Can anyone help me out here - I applied 24V to a 5V board

Thread Starter

terry1956

Joined Sep 7, 2021
2
Hi, I made a bad mistake and plugged in the wrong amount of volts into the board. 24volts and not the 5volts the board needed. as you can see its blown a part. I have know idea if this can be repaired. The blue round part has been completely destroyed and there are no longer any id marks on it. I am not sure if any other components have been damaged or not. Can anyone I’d the round blue component so I can purchase a new one and hope for the best. Thanks, michael 58D5ED76-D703-4DC9-9826-5A4CF0C23A20.jpeg58D5ED76-D703-4DC9-9826-5A4CF0C23A20.jpeg
 

dl324

Joined Mar 30, 2015
13,277
Welcome to AAC!
The blue round part has been completely destroyed and there are no longer any id marks on it. I am not sure if any other components have been damaged or not. Can anyone I’d the round blue component so I can purchase a new one and hope for the best.
It would be helpful if you could trace the components around the part you think was destroyed and make a schematic.

From the shape of the component, it looks like it might have been an overvoltage suppressor, a PTC fuse, an inrush limiter, ...
 

MisterBill2

Joined Jan 23, 2018
9,463
We had exactly the same thing happen a few years back, a tech applied 20 volts to a logic board that was supposed to run on 5 volts. ALL f he active components were destroyed as well as many of the capacitors.
If you are fortunate and VERY LUCKY only the incoming power section has been damaged, and can possibly be repaired. If not, probably the only undamaged components are the heat sinks.
 

AnalogKid

Joined Aug 1, 2013
9,380
Visually, it looks like the majority of the board survived, but the on-board buck regulator power supply died. There are thru-hole components on the other side of the board that are important. Photo - ?

Also, there are three blue round components ...

ak
 

Travm

Joined Aug 16, 2016
348
It's not an easy fix at any rate. Is the device expensive? Replaceable?
If not expensive, and replaceable, replace it.
If its expensive and replaceable, I think i'd still replace it. Or perhaps get a quote from a local electronics repair shop where they have the skills, tools and experience replacing similar components, along with the diagnostic tools to determine the extent of the damage. Expect to pay a nominal fee for the diagnosis.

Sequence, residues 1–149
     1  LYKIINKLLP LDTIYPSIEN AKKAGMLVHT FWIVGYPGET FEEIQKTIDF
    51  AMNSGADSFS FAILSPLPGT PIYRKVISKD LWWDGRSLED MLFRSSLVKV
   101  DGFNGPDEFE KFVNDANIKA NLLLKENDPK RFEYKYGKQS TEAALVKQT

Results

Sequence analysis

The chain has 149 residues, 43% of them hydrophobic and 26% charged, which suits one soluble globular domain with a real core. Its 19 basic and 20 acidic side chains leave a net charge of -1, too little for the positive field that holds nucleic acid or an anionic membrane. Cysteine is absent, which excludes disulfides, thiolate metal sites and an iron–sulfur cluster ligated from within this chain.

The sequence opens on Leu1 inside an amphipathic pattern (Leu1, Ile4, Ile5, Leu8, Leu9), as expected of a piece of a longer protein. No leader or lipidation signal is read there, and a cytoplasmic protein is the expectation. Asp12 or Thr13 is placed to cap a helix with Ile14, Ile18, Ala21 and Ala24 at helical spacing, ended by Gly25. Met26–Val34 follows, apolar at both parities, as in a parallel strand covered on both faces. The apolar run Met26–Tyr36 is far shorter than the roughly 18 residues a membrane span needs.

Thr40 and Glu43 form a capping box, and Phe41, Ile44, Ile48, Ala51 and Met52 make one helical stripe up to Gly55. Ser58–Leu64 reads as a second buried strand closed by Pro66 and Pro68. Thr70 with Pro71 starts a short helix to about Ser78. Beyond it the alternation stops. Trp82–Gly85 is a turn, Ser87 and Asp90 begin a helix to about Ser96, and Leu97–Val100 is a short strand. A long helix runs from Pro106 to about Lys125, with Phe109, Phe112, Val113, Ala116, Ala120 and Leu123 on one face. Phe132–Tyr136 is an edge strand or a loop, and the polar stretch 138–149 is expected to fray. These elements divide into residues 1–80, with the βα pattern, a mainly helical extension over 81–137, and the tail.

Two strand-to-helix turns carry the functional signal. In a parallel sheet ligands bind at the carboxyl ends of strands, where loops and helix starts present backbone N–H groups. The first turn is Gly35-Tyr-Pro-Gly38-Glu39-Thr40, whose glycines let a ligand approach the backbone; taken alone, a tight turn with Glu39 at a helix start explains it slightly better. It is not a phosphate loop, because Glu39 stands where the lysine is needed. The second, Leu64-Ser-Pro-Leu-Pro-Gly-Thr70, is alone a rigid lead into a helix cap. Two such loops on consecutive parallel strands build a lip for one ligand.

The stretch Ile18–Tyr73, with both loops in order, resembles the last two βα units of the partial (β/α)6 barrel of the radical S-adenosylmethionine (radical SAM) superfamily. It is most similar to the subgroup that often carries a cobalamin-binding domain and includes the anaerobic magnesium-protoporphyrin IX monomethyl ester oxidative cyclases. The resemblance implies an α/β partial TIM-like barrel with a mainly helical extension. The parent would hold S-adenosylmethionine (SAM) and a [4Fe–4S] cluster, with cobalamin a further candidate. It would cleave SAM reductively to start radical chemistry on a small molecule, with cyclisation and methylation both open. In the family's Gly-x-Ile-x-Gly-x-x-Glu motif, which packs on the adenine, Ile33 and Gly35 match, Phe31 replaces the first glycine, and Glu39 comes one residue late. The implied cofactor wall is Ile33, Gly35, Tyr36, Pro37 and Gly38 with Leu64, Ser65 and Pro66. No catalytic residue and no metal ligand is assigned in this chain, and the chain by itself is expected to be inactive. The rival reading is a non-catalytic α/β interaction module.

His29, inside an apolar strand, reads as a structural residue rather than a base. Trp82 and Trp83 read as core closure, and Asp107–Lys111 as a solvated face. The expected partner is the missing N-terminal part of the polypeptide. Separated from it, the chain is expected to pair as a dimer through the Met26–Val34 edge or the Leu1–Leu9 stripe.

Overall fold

If its not replaceable, take it to a shop. You could do more damage than good trying to fix it.
If you have nothing to lose by destroying it (more) and its a hobby project, have a go at fixing it, theres lots to learn and skills to develop. But without all the details, we cant be much help. A schematic would tell us if there was any over voltage protection on the board... but if its a commercial product not likely available.
 

MisterBill2

Joined Jan 23, 2018
9,463
Those blue things were electrolytic capacitors, and if you are really fortunate they took all of the power as they were damaged. Usually they are not a very critical value, and the important rating is the working voltage. And being through-hole mount they are not so bad to replace.

Now for questions: Was the board only a 5 volt system? or was there a 24 volt portion as well? If the entire board is only five volts then the caps only need to have a rating suitable for that, such as ten volts. But if the board uses multiple voltages it will be a lot more complex.. So next question: What is the board, and what was it used for? and is there any circuit information available?
 

Thread Starter

terry1956

Joined Sep 7, 2021
2
Thanks chaps, the board is only 5volts, it’s a control board for a CNC milling machine. With import duties it’s a fairly expensive item, so if a few Bob may fix it, it’s worth a go. Michael
 

Jim@HiTek

Joined Jul 30, 2017
50
If you have an electric dishwasher, (I found it strange on my recent 2 month visit to Europe that few homes have dishwashers), put it alone on the top rack with 1/4 cup DW soap and run it. Open the door after it gets to the last cycle where it heats up...the open door allows the moisture to rapidly escape. OR, with a sink full of hot soapy water, and with a clean bristle brush, thoroughly clean the board than rinse in clear water. Wash top and bottom of the board. Allow to completely dry, than take photos and post here so we can see what's really needed to do the job. That blue device on the right looks like a special high voltage cap in the 0.1uF range, the device on the left that may have been blue once looks like a inrush current limiting device as mentioned earlier. Those square devices on the bottom of the picture may be electros and you may be able to guestimate their value by their size and function in the circuit once you draw it out. They could also be power diodes. That device with 150 marked on top looks like a coil with a powdered iron core held in place with epoxy. It may be open circuit now. The 150 may mean 150 uH.
 
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